If lithium has a first ionisation energy of #520# #kJ# #mol^(-1)#, estimate the energy required to form 1 #Li^+# ion from 1 Li atom?

2 Answers
Nov 15, 2017

Answer:

Around #8.64*10^(-19)J=5.40eV#

Explanation:

The ionization energy tells us that for 1 mole of gaseous lithium, #520kJ# of energy is needed to ionise each atom.

We also know that 1 mole contains #6.02*10^23# atoms (to #3# s.f.)

So, 1 atom = #1/(6.02*10^23)=6.02*10^(-23) mol#

#520kJ=520000J=5.2*10^5J#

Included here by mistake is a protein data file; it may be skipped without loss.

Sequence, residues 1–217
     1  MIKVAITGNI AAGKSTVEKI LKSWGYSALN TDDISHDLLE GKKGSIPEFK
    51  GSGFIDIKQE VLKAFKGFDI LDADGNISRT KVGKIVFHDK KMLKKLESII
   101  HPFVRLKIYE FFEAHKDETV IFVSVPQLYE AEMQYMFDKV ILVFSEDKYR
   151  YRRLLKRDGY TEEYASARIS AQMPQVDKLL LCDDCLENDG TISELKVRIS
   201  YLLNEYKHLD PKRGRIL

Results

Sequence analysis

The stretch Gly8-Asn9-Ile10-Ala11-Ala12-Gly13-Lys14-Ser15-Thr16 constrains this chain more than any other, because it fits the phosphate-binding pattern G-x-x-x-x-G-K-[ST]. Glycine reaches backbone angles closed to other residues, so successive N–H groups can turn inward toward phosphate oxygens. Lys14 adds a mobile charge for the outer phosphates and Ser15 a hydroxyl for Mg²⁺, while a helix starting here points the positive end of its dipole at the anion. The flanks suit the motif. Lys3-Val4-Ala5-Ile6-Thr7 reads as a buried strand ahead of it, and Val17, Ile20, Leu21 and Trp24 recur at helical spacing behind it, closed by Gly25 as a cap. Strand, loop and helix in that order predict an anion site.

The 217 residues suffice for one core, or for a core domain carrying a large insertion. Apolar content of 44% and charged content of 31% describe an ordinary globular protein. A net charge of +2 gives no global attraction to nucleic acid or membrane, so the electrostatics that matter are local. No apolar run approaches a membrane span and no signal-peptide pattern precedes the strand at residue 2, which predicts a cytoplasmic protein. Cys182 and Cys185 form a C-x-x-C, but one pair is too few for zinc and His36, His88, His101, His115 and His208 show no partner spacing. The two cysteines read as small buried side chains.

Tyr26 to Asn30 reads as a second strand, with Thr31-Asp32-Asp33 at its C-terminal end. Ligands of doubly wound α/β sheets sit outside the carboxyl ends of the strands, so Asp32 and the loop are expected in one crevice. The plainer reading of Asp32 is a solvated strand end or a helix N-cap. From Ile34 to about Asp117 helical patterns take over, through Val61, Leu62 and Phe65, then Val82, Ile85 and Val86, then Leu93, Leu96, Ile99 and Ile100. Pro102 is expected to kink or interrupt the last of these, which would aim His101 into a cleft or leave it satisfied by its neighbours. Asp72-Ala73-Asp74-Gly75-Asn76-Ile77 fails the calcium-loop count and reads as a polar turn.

#(5.2*10^5)(6.02*10^(-23))=8.64*10^(-19)J#

#(8.64*10^(-19))/(1.60*10^(-19))=5.40eV#

Nov 15, 2017

Answer:

We are given the first ionization energy of the lithium atom....

Explanation:

That is we are given data for the reaction:

#Li(g) +Delta rarr Li^+(g)+e^(-)#...

Where #Delta=520*kJ*mol^-1#, and when we write #kJ*mol^-1# we mean PER MOLE of reaction as written.....

And given the equation we need #520*kJ# to produce a mole of gaseous lithium cations....

To produce a SINGLE LITHIUM CATION, we divide the molar quantity by the Avocado number....the number of avocadoes in a mole, #N_A=6.022xx10^23*mol^-1#.

#(520*kJ*mol^-1)/(6.022xx10^23*mol^-1)=8.64xx10^-22*kJ=8.64xx10^-19*J#. We could convert this value to #"ergs"# or #cm^-1# or #eV# if we are real masochists.